Avant Garde Film 101: Man Ray
To begin Avant Garde Film 101, we’ll start with one of the first: Le Retour a la Rasion by Man Ray. It’s a three-minute film from 1923 exemplifying the experimental nature of the transition from visual artist to filmmaker.
Man Ray was a painter, photographer, and sculptor who took part in genres from cubism to surrealism with the occasional dash of humor . He was an artist of versatility, and while his fashion photography was commonplace in Vogue, thumbtacks glued to an iron became one of his iconic works. A master of photo manipulation and a maverick in his field, Man Ray’s involvement with the budding technology of filmmaking was inevitable.
Le Retour a la Raison is, to say simply, a collection of moving tableaus. These moving paintings and photos chaotically pulsate to an unknown, changing rhythm in an undefined sequence and space. Stare at the images too long, and you might get dizzy. Lighting, editing and animation provided Man Ray with new muscles to stretch as he explored the art of captured motion.
In this film and his more recognized surrealist short, “L’Etoile de Mer” (1928), Man Ray pushes the film camera in its capabilities. Between lens work and editing the overall effects of his film always seem to emphasize the sense of movement. As an artist, his ability to work in the many forms of visual art permitted him different opportunities to express his view in a two and three dimensional way, but film is the first medium that allows him to manipulate time, light, space, etc. with motion.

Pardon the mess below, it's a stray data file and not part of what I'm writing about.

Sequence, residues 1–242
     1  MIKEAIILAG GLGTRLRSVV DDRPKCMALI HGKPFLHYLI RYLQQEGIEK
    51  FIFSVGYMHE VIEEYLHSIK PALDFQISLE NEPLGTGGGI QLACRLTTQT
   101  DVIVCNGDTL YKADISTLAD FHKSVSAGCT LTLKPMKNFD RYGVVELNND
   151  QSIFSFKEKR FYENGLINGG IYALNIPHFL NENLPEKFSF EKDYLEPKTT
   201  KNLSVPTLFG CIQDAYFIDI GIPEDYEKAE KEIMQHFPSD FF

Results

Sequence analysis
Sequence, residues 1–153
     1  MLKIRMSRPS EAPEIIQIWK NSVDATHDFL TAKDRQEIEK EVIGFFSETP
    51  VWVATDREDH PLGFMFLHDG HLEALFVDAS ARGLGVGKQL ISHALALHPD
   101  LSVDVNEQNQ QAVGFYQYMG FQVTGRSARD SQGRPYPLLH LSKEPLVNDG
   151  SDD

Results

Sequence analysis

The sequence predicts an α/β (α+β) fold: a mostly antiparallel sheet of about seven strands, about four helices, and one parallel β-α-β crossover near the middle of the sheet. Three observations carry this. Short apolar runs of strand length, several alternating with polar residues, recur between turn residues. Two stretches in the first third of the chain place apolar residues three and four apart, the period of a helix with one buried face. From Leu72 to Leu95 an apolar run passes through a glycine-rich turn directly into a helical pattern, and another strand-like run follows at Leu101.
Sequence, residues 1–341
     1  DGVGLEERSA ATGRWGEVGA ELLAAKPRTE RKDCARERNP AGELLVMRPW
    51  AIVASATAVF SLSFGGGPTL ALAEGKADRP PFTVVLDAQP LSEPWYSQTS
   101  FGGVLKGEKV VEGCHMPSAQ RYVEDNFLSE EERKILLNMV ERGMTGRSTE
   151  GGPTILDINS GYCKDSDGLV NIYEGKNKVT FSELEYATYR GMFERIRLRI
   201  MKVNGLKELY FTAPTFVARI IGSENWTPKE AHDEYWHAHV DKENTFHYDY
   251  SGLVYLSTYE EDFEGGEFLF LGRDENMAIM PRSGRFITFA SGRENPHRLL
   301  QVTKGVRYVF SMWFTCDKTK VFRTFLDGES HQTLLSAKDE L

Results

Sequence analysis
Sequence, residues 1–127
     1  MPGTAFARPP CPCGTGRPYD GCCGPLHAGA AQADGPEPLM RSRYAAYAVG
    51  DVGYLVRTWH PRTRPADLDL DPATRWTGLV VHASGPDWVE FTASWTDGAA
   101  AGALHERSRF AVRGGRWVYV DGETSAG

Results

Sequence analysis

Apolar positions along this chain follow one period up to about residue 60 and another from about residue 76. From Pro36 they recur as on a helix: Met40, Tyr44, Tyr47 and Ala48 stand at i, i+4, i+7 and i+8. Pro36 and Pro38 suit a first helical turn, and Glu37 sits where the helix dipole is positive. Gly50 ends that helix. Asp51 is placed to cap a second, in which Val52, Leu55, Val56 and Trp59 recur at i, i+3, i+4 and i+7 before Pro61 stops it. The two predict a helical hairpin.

An example: the sequence of the female torso. Many of the earlier, animated sequences move at such a frenzied pace that the core images are readable solely due to their simplistic nature, the torso shot is a stark contrast. Time lingers as shadows contort to the female curves, moving with her as the light changes. It’s repeated, the same simple motion, just as slowly. Despite the decreased pace, the effect is that this appears to be the climax of the short, if there is one. By slowing the movement, creating that contrast, Man Ray directs our attention explicitly in a film without plot or dialogue.
When these films are seen among his visual art work, it’s almost as if these films were the release of a long standing tension. Man Ray’s iconic photos especially seem to beg for the motion, the release from their fixed point in time. Man Ray was an artist governed strongly by his simple, innovative ideas. Taking note of the one detail that could be manipulated, turning the work into something new, foreign and thought provoking. With the invention of the motion camera his ideas simple had more time to breathe.